After over a century of earthquakes, atom bombs and Godzilla, the Japanese know disaster. I don't mean that to sound trite. I'd guess that Japan is probably one of the most disaster-prepared nations in the world, so it's probably no wonder that the idea of monsters or robots destroying Tokyo bleeds over into the fictive imaginations of writers.
Metro Survive by Yuki Fujisawa predates the 3-11 earthquake disaster by a few years and that shows that earthquakes are continually in the minds of Japanese, even in their manga. Metro Survive is about a mild-mannered building maintenance worker named Mishima who works at a brand-new metro complex. Tomorrow is his son's birthday and he is eager to buy some toy his son wanted, but then his fat jerk of a boss orders him to do some overtime. Mishima, being a pushover, just obeys but the job takes all night and it's nearly morning before he's done. Taking the subway home, the unthinkable happens: a massive earthquake occurs and the brand-new metro-plex, hastily built with catastrophic safety violations, collapses, trapping Mishima in the metro subway complex.
The pushover Mishima then manages to summon guile and courage through several trials and becomes the unwitting leader of a group of late-night subway travelers. However, when Mishima's group encounters another group of subway survivors they find that surviving the disaster is not their only worry. Despite the danger shared by all, Mishima's group find that there are those who not only capitalize on disaster but also relish in it. Two sadistic nightclub creeps, their club skanks and bully college judo players control the other group with an iron fist, determined to survive the disaster while having their own sick fun along the way.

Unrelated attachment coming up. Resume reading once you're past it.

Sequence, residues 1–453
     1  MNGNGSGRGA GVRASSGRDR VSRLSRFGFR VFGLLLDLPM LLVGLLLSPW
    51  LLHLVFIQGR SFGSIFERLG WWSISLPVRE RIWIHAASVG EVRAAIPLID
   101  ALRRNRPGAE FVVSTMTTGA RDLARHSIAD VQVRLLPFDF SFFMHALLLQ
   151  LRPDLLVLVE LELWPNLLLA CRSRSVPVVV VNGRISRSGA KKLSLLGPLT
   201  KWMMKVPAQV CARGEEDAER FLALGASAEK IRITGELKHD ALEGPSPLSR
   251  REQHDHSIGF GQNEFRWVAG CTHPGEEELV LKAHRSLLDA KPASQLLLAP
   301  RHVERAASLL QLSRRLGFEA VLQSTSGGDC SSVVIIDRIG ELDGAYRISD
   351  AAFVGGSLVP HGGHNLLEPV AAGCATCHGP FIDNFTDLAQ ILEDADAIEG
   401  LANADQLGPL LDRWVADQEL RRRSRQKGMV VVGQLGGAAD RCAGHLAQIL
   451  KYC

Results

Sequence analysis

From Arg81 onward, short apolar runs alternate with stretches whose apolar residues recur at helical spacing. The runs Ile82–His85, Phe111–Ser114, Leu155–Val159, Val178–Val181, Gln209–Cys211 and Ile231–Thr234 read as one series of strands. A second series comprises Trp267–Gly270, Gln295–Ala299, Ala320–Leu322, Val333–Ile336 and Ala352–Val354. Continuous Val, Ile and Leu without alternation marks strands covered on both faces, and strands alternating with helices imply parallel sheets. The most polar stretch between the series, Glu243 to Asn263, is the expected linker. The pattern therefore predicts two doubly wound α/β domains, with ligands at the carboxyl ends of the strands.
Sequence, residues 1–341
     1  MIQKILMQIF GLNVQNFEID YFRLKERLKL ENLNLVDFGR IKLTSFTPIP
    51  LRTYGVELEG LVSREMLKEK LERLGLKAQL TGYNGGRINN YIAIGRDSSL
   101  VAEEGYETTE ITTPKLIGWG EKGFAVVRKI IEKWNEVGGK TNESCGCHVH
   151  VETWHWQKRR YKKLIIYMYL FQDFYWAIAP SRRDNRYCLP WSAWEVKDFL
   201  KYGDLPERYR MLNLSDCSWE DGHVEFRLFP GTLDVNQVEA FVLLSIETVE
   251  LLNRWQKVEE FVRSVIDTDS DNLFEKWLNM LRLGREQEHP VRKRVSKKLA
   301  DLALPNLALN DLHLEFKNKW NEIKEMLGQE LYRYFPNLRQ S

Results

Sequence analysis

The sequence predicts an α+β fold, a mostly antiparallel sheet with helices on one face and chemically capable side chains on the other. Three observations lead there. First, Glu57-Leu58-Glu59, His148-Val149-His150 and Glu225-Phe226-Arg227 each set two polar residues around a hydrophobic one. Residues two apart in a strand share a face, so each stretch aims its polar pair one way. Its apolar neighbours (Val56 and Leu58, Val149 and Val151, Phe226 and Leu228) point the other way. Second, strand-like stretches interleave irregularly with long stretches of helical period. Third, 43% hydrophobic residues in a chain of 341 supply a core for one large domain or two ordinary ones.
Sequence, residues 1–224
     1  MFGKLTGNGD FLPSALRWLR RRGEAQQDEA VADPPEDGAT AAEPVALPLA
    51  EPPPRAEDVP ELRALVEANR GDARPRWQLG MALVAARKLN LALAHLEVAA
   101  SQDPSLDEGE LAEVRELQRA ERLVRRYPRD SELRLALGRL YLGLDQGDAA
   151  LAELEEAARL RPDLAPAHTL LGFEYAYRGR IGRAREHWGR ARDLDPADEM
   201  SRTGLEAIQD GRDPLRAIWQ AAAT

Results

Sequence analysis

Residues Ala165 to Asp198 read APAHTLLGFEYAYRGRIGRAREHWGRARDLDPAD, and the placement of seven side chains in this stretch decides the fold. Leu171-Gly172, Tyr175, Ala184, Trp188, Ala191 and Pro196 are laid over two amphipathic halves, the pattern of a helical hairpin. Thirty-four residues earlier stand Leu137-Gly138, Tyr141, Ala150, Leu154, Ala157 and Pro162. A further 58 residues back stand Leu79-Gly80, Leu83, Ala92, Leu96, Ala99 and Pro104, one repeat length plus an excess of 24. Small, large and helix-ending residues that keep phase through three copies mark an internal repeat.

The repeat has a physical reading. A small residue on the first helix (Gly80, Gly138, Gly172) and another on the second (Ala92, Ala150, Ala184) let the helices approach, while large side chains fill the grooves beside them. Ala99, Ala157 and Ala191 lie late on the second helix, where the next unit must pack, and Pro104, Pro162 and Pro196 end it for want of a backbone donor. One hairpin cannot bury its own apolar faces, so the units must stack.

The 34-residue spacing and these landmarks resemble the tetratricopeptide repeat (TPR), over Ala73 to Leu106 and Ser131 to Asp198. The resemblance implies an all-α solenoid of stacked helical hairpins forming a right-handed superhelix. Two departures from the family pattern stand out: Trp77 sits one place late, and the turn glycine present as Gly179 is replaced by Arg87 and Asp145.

Metro Survive is short for a Japanese manga, being only two volumes, which is fine by me. I can't keep up with the never-ending series. It's a great story, though. Over the course of the two volumes the character development of the survivors is really shows as some, like Mishima, find their hidden courage and others their hidden cowardice. The two sadistic fancy-lad douchebag nightclub dudes were really pretty twisted and added a frightening turn to the already tense predicament. The artwork, also, was very well-done. I find that in a lot of manga there is a lot of wasted space through big splash panels and a lot of confusing action lines. Metro Survive's art, also done by Fujisawa, complemented the story perfectly.
All in all, Metro Survive is an exciting read and considering that there are only two volumes you can finish it in a night. You probably won't look at subways the same way again.